Local groups raise funds to battle famine in Somalia

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August 1, 2011 // UPDATED 2:52 pm - August 3, 2011
By: Jeremy Zoss
Jeremy Zoss

Late last month, the United Nations declared a famine in drought-stricken southern Somalia, the first time the agency declared a famine in the 20 years since a drought last struck Somalia. Conditions in Somalia have been described as devastating, with dehydration and disease running rampant and food prices skyrocketing.

Minneapolis-based aid organizations and corporations are doing what they can to help.

The American Refugee Committee (ARC) and American Relief Agency for the Horn of Africa (ARAHA), both based in Minneapolis, are calling on residents to pitch in and help. “The conditions are pretty dire,” said Therese Gales of the ARC. “Children are literally dying in their mothers arms.”

Minneapolis-based General Mills has pledged up to $100,000 to the ARC for famine relief. An initial donation of $50,000 has already been made, with another $50,000 available to match contributions by other corporations.

“As a food company in the metro area with the largest Somali population, General Mills is uniquely positioned to do one of the things we do best, which is provide hunger relief to children and their families,” said Ellen Goldberg Luger, vice president and General Mills Foundation executive director in a statement. “As the famine in Somalia reaches historic proportions, we encourage other Minnesota companies to support the critical relief work being done by the American Refugee Committee to address this devastating crisis.”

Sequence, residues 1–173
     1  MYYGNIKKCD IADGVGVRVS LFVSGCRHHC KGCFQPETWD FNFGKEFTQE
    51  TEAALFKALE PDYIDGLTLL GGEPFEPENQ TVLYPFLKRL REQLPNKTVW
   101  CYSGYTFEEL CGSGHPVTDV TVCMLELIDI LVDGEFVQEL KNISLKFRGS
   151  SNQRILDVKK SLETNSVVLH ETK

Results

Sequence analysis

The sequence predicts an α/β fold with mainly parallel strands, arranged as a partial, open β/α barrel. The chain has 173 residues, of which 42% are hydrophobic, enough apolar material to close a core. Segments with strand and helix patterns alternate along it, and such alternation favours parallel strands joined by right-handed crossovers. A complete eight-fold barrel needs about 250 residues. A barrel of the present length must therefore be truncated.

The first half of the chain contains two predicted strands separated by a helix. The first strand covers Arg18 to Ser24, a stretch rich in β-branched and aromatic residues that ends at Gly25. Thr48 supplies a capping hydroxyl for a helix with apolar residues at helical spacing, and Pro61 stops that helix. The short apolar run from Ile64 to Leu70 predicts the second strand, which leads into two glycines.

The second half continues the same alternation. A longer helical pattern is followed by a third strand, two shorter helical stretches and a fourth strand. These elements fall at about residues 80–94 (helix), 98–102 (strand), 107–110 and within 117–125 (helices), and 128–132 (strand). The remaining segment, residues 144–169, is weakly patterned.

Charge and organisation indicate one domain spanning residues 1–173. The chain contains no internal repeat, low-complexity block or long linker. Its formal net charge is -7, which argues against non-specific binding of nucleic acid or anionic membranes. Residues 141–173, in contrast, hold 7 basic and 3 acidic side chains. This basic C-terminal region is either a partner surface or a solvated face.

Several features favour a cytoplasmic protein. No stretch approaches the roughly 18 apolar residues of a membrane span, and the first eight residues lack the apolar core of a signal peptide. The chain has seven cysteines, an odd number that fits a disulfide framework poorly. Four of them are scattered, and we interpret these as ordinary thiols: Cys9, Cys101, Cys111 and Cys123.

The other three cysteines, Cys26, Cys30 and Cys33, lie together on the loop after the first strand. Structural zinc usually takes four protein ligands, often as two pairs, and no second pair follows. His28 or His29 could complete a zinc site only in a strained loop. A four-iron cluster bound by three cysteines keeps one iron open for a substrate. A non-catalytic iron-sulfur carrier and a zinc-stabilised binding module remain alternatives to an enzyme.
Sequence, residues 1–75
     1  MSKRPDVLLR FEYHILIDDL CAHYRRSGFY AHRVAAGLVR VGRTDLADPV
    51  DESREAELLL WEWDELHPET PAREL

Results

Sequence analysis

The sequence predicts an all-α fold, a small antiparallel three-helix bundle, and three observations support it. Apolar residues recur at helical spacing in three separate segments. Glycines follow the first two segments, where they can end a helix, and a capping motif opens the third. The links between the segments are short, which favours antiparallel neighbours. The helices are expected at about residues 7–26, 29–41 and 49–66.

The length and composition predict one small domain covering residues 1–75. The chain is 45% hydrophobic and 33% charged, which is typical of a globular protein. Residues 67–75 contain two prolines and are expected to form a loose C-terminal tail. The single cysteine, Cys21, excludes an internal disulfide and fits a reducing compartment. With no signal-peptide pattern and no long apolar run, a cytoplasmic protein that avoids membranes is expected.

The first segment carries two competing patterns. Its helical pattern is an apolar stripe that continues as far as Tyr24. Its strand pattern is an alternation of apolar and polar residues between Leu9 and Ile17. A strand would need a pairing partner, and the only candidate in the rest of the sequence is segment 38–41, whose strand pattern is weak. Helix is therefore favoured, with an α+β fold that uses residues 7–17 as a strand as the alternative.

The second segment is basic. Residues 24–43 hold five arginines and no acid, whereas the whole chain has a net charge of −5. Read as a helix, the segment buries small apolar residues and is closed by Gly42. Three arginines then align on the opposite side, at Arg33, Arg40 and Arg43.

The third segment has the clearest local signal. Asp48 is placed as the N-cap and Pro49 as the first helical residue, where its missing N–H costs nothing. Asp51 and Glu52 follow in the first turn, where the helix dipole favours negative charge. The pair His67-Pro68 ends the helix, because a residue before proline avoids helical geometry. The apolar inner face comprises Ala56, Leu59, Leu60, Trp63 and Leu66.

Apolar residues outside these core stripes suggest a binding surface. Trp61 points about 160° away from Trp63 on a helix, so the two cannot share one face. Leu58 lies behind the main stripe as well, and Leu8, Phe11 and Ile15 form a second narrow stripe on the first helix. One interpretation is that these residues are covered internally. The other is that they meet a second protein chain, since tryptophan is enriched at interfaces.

Before last month’s concert at TCF Bank Stadium, U2 frontman and co-founder of the anti-poverty group ONE met with local Somali leaders about the famine. In a statement, he called on everyone to help. “The crisis in the Horn is going to be solved by Somalis taking control, taking charge. I’m here, and ONE is here, to listen and learn and to serve their efforts,” said Bono. “We’re here to sound the alarm bell in the United States, where there has been very little media coverage of the food crisis -- and now a famine which is threatening the lives and livelihoods of 12 million. This is monstrous.  Pay close attention, this is a defining moment for the world.  History will be very harsh if we don’t move quickly.”

Donations to famine relief can be made to the American Refugee Committee, 430 Oak Grove Street, Suite 204, or at www.ARCrelief.org.

ARAHA is taking donations at ARAHA, 2111 Central Avenue NE, or at www.araha.org.